The open source browser Firefox has been rated alongside Google, Apple and Starbucks as one of the most powerful brands in the world in 2005, according to a study published on Monday.
Brandchannel.com, a Web site for marketing professionals run by global branding consultancy Interbrand, asked over 2500 readers during November and December which brands had the most impact on them that year. Firefox was voted as the eighth most influential brand worldwide in 2005 — the first time that a piece of open source software has featured in the top 10 list in the five years that the survey has been carried out.
Robin Rusch, the editor-in-chief of Brandchannel.com, admitted that the readers of his Web site are not average consumers, but claimed they are good at identifying influential brands before they go mainstream.
"While it's true that our readers appear at first glance to be easily lured by shiny design, innovative technology, coffee and booze, they should not be dismissed as a bunch of hyper-caffeinated gearheads. Year after year Brandchannel voters identify brands that the mainstream world eventually catches up with; impact is felt first by these early adopters," Rusch said in a statement.
Asa Dotzler, the community coordinator at the Mozilla Foundation, said the survey showed that its marketing campaigns around Firefox are working.
"One area that I think we've done a pretty good job of during the last two years has been the development of, and marketing of, the Firefox brand. Today we get another sign that our efforts in this area are bearing fruit," said Dotzler in his blog. "Firefox has moved into the top ten most influential brands in the world. Sitting at number eight, Firefox bests eBay and Sony. Not bad :-) "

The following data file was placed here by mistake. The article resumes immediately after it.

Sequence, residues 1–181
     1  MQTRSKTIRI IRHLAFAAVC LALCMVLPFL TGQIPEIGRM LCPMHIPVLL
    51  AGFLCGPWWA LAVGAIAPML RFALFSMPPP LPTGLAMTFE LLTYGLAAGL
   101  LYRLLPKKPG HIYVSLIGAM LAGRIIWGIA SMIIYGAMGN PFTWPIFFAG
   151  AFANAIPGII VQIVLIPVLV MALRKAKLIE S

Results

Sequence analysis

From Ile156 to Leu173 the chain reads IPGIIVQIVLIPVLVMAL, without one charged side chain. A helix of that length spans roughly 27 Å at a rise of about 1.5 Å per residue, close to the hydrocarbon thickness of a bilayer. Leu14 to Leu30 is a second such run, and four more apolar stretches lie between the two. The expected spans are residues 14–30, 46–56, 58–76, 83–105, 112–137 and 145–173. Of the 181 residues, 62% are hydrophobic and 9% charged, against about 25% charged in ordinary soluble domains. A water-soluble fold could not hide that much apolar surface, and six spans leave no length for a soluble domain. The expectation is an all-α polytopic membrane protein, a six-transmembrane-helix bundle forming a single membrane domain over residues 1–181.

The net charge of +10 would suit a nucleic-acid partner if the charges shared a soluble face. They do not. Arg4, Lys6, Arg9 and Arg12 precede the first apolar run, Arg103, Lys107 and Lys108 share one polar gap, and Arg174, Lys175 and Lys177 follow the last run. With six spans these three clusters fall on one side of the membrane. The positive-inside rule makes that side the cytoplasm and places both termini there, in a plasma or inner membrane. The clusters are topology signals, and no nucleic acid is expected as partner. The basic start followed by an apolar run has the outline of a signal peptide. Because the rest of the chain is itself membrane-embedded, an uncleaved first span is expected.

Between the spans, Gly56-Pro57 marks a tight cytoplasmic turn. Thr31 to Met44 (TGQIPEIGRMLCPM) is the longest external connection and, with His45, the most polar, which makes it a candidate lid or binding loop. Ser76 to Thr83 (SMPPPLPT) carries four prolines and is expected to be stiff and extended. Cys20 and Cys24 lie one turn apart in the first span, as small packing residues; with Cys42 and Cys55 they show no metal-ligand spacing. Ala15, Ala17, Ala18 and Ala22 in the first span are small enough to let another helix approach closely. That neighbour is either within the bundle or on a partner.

Although the Mozilla Foundation's marketing budget cannot compare to those of billion dollar corporations, it has capitalised on its large and enthusiastic user-base to carry out large scale community marketing campaigns, such as the publication of an advert for Firefox in the New York Times which was funded by community donations.
In an interview with ZDNet UK last year, Dotzler said that community marketing is more effective than corporate marketing because it's more believable.
"We have real people who wouldn't say something if our product wasn't good. It takes a lot of repetition with a banner ad online, or a jingle on the TV — they need to keep hammering it to make a sale. When it's your best friend or neighbour it doesn't take any hammering," he said.
The full results of the Brandchannel survey can be seen here.